China Hong kong attractions, Man Mo Temple introduced.

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Man Mo Temple

The temple was built on Hollywood Road in 1847. Like all other Man-Mo Temples found in China and all over the world, it was dedicated to two of the most worshiped gods in ancient China: the God of Literature, Man Cheung, and the God of War, Kwan Yu.

In this temple, Man Cheung is dressed in green and Kwan Yu is dressed in red (however, there are literature saying that "Emperor" Kwan liked wearing green. So you will also find many porcelain figures of Kwan in green robes). Inside the temple, there are figures depicting other Chinese gods like Bao-gong, the God of Justice with his face painted in black.

Incense in rod or coil shape are sold. It is said that these incense were "food" to the spirits. That is why the Chinese people always keep the incense burning for no one wants to keep their grannies hungry in another world. If you realise when you are in Hong Kong that there is no fortune cookies in this Chinatown, you will have to look for consultation in local temples and other fortune tellers or feng-shui masters. There is one English-speaking fortune teller at Man-Mo Temple.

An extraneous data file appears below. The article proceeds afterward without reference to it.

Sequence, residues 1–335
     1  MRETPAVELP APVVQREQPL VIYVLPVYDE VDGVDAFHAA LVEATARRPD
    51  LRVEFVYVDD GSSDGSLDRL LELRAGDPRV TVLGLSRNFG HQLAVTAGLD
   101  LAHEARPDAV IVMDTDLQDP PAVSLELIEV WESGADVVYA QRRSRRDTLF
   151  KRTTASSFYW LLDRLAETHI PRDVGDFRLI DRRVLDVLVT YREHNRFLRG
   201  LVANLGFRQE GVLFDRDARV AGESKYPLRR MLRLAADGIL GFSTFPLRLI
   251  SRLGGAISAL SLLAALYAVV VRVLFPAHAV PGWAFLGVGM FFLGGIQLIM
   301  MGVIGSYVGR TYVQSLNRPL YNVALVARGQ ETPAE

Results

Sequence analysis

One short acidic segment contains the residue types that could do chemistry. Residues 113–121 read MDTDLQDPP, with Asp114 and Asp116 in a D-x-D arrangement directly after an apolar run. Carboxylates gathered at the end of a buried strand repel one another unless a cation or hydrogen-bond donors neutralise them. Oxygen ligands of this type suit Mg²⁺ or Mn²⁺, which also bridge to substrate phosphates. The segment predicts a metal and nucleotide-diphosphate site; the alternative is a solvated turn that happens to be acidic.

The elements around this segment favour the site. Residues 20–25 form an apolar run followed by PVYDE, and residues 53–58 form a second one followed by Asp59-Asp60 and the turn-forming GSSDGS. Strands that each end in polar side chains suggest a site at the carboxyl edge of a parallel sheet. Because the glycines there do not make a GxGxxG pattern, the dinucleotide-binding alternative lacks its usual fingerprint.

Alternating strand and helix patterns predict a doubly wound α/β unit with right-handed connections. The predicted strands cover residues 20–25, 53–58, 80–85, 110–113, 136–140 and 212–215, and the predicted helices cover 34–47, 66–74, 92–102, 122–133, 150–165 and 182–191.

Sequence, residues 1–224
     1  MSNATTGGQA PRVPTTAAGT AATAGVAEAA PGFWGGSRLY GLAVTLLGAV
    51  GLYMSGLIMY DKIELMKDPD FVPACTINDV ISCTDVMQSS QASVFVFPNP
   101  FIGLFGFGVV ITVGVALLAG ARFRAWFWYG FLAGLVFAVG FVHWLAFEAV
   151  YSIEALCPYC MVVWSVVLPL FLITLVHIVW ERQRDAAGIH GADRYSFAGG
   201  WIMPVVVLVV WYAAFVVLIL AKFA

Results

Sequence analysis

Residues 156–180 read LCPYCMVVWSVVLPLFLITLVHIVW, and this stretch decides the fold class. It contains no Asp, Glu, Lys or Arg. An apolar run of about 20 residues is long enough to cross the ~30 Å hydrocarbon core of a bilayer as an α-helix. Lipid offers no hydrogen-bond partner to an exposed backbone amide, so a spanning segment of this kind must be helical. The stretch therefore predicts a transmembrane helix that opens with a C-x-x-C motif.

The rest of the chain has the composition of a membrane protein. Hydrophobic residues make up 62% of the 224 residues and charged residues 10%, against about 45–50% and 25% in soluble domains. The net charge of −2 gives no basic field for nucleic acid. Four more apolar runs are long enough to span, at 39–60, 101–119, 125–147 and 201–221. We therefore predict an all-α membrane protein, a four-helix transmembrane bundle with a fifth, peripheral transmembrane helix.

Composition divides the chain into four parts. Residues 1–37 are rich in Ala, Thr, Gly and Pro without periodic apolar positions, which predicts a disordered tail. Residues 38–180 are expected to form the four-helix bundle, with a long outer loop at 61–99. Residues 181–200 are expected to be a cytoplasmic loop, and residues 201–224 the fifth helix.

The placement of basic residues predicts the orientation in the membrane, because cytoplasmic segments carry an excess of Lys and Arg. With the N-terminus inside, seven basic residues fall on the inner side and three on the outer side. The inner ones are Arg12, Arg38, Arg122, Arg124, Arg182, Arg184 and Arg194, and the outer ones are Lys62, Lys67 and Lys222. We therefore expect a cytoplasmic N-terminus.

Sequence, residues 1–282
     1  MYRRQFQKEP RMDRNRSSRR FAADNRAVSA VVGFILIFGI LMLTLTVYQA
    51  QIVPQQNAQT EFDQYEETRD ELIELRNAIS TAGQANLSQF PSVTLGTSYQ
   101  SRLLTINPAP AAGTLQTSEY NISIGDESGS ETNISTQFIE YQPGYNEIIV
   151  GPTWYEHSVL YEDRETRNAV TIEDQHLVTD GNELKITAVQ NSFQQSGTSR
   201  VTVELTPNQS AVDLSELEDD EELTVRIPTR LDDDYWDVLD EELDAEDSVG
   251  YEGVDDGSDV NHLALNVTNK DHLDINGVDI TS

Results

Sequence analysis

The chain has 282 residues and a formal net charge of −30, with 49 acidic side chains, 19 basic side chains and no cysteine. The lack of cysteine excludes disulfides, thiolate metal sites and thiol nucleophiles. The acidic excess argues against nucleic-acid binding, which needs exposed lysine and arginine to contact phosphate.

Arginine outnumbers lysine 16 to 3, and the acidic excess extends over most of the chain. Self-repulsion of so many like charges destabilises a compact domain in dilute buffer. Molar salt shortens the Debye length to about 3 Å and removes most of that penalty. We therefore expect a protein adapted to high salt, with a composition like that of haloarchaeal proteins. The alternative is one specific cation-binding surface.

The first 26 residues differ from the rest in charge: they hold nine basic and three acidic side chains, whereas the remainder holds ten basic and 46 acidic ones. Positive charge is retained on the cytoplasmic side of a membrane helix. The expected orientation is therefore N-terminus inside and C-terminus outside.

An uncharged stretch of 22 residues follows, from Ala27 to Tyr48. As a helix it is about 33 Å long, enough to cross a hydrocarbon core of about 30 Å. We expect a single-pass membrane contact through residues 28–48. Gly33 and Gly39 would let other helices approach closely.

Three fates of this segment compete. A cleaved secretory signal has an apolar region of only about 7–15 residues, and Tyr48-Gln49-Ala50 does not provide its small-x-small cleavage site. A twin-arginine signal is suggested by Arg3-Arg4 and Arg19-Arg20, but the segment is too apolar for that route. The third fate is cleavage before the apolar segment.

About 150 years ago, when disputes could not be settled by British laws, the local people (plaintiffs and defendants) would come to the Man Mo Temple and solve their problems the Chinese way. According to the legal system of the Qing Dynasty, the plaintiff and the defendent would make a promise (and curse) in the temple, then wrote it on a piece of yellow paper. They then killed a chicken, chopped off its head, let the blood run on the yellow paper, and burned it. The Chinese people believed that since the promises were made before the gods in the temple, if they broke these promises, they would suffer dearly from the curses (or the form of punishment) they too have casted previously upon themselves. Hence, the Man Mo Temple was once the Court of Law for the local people many many years ago.